Every year, the Virginia state legislature considers a bevy of bills to reform the state's woefully out of date and restrictive laws governing distilleries. While wineries and breweries are relatively uninhibited in the Commonwealth, distilleries face limitations on everything from how many ounces of tastings they can provide to on-site visitors to how much of their revenue they must send to the state ABC system. Distillery owners have pushed to ease these restrictions but have had little success given the entrenched interests in the state legislature. According to the Richmond Times-Dispatch, the legislature is once again considering reforms, but only one bill seems to have much chance of success:
"As they’ve watched Virginia’s brewery and wine industries boom, craft distillers have begun to feel the state is unfairly harsh on businesses that make the stronger stuff.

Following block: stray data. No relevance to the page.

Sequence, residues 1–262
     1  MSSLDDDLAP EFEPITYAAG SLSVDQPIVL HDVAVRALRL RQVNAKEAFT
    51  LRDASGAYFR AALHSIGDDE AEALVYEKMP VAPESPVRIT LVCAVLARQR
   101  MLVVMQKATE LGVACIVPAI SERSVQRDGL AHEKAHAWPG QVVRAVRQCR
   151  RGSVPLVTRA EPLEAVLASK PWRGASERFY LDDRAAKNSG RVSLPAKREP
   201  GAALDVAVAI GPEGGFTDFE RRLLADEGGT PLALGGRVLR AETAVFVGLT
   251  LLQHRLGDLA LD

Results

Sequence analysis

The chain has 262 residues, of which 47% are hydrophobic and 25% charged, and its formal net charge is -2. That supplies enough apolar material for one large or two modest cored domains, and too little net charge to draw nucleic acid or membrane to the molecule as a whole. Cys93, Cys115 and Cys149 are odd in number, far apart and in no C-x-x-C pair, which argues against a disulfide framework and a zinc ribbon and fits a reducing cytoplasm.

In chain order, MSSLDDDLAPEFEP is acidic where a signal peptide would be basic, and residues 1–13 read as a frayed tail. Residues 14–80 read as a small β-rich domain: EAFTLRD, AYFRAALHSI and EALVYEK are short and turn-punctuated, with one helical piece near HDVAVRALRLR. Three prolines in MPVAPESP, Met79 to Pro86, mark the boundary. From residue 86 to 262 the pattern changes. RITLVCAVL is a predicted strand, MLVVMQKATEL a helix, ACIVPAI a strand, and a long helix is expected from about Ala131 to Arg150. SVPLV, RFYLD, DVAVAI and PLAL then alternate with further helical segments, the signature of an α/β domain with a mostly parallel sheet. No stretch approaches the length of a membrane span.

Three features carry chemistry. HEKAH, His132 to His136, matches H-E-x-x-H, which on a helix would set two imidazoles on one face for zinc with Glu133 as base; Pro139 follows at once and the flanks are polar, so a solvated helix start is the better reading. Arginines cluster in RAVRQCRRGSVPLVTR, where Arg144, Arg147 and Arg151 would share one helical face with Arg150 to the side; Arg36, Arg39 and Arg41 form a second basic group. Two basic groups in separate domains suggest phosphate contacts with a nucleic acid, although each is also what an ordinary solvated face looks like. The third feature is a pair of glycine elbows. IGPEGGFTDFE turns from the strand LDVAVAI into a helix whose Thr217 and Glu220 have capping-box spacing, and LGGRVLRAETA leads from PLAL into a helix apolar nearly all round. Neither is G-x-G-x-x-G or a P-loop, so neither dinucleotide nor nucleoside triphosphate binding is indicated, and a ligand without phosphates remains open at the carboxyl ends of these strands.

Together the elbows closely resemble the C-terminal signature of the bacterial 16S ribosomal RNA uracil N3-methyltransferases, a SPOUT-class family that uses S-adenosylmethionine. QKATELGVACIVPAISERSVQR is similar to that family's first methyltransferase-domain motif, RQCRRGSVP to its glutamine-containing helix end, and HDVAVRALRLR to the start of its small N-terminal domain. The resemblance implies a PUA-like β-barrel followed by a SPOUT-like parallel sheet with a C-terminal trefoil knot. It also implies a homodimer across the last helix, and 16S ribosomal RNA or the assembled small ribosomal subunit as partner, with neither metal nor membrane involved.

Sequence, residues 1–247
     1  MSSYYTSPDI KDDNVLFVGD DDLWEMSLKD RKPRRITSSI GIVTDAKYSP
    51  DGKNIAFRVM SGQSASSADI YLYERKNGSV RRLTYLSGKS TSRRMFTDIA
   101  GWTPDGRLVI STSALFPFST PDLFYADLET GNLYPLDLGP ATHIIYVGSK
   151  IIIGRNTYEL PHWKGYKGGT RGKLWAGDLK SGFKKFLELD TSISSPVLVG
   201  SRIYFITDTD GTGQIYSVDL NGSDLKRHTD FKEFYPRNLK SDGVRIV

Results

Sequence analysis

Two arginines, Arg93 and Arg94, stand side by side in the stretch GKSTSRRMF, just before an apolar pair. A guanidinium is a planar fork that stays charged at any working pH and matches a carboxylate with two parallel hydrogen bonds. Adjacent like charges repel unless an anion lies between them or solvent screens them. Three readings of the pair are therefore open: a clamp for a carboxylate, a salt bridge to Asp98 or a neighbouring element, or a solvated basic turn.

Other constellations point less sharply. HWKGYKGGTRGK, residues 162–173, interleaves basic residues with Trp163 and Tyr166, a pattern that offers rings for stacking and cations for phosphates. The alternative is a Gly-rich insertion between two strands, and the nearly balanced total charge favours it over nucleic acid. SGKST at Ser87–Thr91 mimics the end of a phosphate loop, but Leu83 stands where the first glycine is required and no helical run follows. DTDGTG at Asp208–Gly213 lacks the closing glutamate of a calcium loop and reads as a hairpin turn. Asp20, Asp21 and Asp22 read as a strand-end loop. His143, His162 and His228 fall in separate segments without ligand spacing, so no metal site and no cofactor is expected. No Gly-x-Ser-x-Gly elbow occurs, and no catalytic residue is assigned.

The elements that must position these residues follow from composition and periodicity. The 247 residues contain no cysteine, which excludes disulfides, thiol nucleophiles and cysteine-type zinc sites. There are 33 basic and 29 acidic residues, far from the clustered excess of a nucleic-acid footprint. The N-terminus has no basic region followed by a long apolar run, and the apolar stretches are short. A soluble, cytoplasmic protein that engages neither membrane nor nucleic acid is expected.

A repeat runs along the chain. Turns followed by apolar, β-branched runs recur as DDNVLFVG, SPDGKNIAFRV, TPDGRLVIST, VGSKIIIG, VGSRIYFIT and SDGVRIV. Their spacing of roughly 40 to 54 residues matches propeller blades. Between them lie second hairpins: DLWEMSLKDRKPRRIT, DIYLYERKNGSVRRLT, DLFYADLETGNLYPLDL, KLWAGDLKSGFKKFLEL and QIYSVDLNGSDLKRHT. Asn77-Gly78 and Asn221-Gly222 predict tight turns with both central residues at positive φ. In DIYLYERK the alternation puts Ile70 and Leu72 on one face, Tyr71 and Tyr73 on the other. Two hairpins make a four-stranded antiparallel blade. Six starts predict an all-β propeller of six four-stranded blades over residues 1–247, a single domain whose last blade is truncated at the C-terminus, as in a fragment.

In a General Assembly committee room Tuesday, the spirits industry, with the help of both Republican and Democratic backers, tried to methodically chip away at state regulations, asking a House of Delegates subcommittee to pass legislation letting distillers serve more alcohol to customers, open earlier on Sundays and build remote tasting rooms to expand their clientele.
But the biggest change in state law sought by the Virginia Distillers Association involves money, and distillery owners’ contention that they’re in a state of financial servitude to the Virginia Department of Alcoholic Beverage Control...
Though several other pro-distiller proposals died in the subcommittee, a bill to let distilleries keep the profits on their own bottle sales passed on an 8-0 vote, prompting the bill’s sponsor, Del. Nick Freitas, R-Culpeper, to jokingly thank the panel for supporting his “booze equality bill.”
But because the policy change could cost the state millions in revenue, it also will need a green light from the House Appropriations Committee before it can get to the floor for a full vote..."
Read the rest here.